An even better development is that, with customized feeds, tilapia can be developed into a premium product with specifically designed lipid content and/or fatty acid composition (FAC) profile (see side bar.)
“Consumers have shown high interest in these premium value-added products, and tilapia has huge potential in value-added segment of the marketplace,” cited Hyun Sik S. Chu et al in the abstract of 21st Century consumer behaviors - Why we are interested in value-added “Gucci” tilapia.
The research team is from the Department of Food Science and Technology, Virginia Polytechnic Institute and State University in Blacksburg.
Changing consumer behaviors
With a healthy fatty acid composition, the so-called “designer” tilapia will cater to consumers, millennials included, shifting to healthier, less processed, and more sustainable products.
“We are seeing changes in consumer behavior. Interesting patterns are coming up,” Chu said during his presentation at Aquaculture America 2017 held in February in San Antonio, Texas. “People want transparency in products. That means people want to know what goes into the product.”
In wanting to “feel safe” in eating the product, the consumers check out the information label to check if the ingredients are safe and the products, less processed. They even consider if the packaging materials are earth-friendly.
Chu said that in terms of fresh fish, consumers are starting to prefer the whole fish, not fillets. “They also want more sustainable product, they look at the producer and want to know if it has sustainable practices.”
People usually buy fish for the taste and assumed health benefits, compared to other meat proteins. Wild-caught fish is preferred and considered as a premium product. Aquaculture products, however, are starting to be viewed favorably as a sustainable alternative.
Consumers’ “willingness to buy” is steadily increasing, he said, due to the entry of millennials in the market, changing consumer patterns, and producers’ educational and marketing efforts.
“Producers are getting the word out that it is a sustainable alternative: it involves controlled feed, water. So people believe in these things now,” he said.
During his presentation, Chu profiled the millennials, or those born in the 1980s to early 2000s, who are entering the workforce and becoming economically independent. “These are the people raised on information or know how to get the information. Albeit they are not necessarily getting the factual information, but they know how and where to get some sort of information,” he said.
Designer tilapia, or what he fondly referred to as “Gucci” tilapia, offers a healthier fish product to the consumer and bigger profits for the farmer.
“Tilapia is a cheap product. Where I am from, it is $5 per lb for fresh fillet. It is lower compared to salmon and tuna. With the value-added tilapia, the tilapia industry can get into that market in terms of price.
“People are willing to pay extra for a premium product. However, I haven’t seen any such premium product from the tilapia industry yet. Why not try to create it, right?” he said.
It could command a high price, based on the amount being paid for premium products, like GMO-free corn and red beans, and antibiotics-free chicken. These are two to three times the amount of their regular counterparts, Chu said.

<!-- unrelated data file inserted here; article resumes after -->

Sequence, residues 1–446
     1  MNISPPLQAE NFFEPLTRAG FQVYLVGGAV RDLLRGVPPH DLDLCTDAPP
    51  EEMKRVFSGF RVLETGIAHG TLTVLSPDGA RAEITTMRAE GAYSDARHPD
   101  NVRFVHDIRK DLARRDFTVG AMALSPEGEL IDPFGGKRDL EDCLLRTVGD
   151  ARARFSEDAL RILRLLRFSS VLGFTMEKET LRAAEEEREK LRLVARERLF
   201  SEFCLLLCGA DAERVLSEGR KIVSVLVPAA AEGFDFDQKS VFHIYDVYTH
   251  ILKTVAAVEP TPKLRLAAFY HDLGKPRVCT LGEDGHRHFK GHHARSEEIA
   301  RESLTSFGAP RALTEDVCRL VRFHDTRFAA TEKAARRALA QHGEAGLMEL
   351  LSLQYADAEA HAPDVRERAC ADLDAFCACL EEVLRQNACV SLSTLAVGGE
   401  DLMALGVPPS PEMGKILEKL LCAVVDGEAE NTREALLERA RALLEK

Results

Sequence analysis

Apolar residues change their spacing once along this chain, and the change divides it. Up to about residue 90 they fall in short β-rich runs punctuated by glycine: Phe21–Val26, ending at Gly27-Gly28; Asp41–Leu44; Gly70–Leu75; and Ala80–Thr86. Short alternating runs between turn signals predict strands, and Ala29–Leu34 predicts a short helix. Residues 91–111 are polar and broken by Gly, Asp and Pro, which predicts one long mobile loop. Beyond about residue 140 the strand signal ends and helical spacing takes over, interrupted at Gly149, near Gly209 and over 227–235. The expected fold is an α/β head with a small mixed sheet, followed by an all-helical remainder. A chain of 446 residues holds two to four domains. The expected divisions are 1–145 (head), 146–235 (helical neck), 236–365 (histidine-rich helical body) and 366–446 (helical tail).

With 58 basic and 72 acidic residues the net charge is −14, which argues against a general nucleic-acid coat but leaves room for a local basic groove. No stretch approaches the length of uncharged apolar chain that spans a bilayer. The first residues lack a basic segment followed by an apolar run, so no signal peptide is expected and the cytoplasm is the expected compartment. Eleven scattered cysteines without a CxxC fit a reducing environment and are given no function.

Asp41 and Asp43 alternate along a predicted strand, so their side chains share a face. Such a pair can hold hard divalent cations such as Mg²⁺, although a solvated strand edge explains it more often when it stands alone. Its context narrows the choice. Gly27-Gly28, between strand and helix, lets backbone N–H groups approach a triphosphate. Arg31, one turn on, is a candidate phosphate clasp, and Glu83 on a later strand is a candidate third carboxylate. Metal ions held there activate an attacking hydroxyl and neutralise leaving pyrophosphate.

The team analyzed the FAC of tilapia fillets in US supermarkets in order to understand the claims about poor lipid quality of tilapia. Although samples from different countries of origin showed high variations in FACs, the market study indicated healthy FAC in tilapia fillet lipids.
Acknowledging that there is a need for more premium products, the researchers conducted growth trials to improve FAC through enhanced diets.
The effective customized diet has “excellent n-6 to n-3 ratios, especially compared to the current American diet of 10:1.” It is composed of algae oil, fish oil, high oleic sunflower oil and soybean oils at various concentrations.
Someone from the audience asked Chu: “Why not just inject the healthy fatty acid in tilapia fillet?”
Chu replied that consumer perception plays a big factor. “If you go to the consumer and say, ‘I injected oil into this fillet,’ would you want to eat it? A big problem for the food industry now is we have to worry about what the consumer is thinking of us. It’s across the whole food industry,” he said, using Subway as an example. Subway had to change a bread ingredient when consumers found out that it is the same item used in making yoga mats.
“Consumer perception plays a big factor. Less-processed, wholesome products — people pay extra for these things,” he said. Tilapia ranks fifth among the most eaten seafood in the US, according to the National Marine Fisheries Service. Its image, however, suffered from the “worse than bacon” backlash in 2008. The comment was based on study conducted by a research team in Wake Forest that exaggerated how tilapia’s n6:n3 ratio was bad for the health.
Enhancing fatty acids in tilapia
To create the value-added product, Hyun Sik Chu and his team focused on enhancing the fatty acid composition of fish by feeding it customized feed. The researchers outlined the types of fatty acids they wanted to increase or reduce.
Omega-3. Improve Omega 3 fatty acid because it is an extremely important part of human diet, especially in young children. It has anti-inflammatory characteristics.
Omega-6. Minimize the impact of Omega 6. Too much Omega-6 fatty acid exacerbates health problems: atherosclerosis, which causes cardio-vascular diseases, the leading cause of death for most ethnicities in the US.
Omega-9. Increase the impact of Omega-9 fatty acid. It has been known to reduce LDL (low-density lipoprotein) cholesterol and atherosclerosis.
— Ruby Gonzalez